Ontario's Education Minister has approved four more deals between schools boards and high-school teachers, that will help schools return to a normal academic year.
Education Minister Laurel Broten said in a statement Thursday evening that the four tentative deals, which require approval from their respective memberships, are substantially identical to the agreement reached with English Catholic teachers.
The four boards, Thames Valley, Avon Maitland, District of Niagara School Board and Hamilton-Wentworth District School Boards, are the latest to receive the stamp of approval. Earlier this week, deals between York Region and Upper Grand and its high school teachers were approved by the Minister.
High school teachers at more than 20 boards are a legal strike position, although they have restricted their withdrawal of services to administrative duties and supervising outside their classrooms. At least two elementary school unions, including York Region, began legal strike action this week.
Teachers say the strike action is intended to target administrators, not students. Still, limiting teacher-supervision during lunch and in the hallways has high-school officials nervous about student safety.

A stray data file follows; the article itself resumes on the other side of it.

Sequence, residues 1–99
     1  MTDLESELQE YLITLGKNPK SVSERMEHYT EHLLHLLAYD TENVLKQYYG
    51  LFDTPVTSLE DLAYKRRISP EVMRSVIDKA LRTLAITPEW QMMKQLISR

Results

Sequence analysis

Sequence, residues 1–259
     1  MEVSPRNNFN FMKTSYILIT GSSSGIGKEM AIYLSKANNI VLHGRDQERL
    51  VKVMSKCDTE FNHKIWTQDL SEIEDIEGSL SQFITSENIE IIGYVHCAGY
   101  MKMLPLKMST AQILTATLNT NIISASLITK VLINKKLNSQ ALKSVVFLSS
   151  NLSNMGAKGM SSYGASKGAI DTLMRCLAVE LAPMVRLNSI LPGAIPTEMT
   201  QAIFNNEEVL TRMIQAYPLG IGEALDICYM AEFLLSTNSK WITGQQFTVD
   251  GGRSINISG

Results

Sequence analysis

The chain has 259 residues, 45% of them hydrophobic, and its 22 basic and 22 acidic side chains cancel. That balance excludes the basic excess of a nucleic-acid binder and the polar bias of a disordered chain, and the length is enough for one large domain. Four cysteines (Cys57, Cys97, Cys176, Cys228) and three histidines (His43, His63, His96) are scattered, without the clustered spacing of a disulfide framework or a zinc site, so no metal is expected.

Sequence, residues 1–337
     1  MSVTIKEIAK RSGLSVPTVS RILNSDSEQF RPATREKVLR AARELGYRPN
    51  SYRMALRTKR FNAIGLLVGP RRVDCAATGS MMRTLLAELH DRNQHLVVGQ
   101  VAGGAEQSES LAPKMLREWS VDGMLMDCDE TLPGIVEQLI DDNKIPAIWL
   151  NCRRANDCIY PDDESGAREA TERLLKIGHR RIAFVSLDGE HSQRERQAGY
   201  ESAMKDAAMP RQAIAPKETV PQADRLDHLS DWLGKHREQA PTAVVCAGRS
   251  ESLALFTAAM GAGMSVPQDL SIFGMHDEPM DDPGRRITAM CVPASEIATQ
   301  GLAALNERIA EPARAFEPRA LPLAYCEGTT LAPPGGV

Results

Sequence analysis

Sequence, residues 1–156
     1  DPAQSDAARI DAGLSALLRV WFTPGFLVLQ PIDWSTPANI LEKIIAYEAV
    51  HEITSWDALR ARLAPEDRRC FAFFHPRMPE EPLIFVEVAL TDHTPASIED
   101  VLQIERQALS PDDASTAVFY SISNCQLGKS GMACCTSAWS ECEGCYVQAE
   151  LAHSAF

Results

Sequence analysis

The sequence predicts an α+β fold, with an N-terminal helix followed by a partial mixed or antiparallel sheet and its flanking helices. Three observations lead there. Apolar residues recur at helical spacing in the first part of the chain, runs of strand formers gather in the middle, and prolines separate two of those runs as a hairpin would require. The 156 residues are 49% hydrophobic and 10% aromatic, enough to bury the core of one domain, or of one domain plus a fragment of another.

School boards have been compensating by closing gyms at lunchtime and hiring extra clerical or security staff to help out. Some boards, including Upper Canada District School Board in eastern Ontario and Trillium Lakelands District School Board in cottage country north of Toronto, have given administrators the authority to shutter their schools if the situation becomes dire.
Leaders of both the OSSTF and the Elementary Teachers' Federation of Ontario have vowed to ramp up job action as the dispute with the province drags on. They have until Dec. 31st to reach a deal with their local school boards, which according to legislation enacted in September, must be substantially similar to a deal reached between the Ontario government and the English Catholic teachers' union.
Teachers are opposed to a controversial legislation, which forces a wage freeze, cuts teachers' sick days and limits their right to strike. Premier Dalton McGuinty has maintained that these concessions were required in order to balance a $14.8-billion deficit while at the same time preserving job-generating initiatives such as caps on primary class sizes and full-day kindergarten.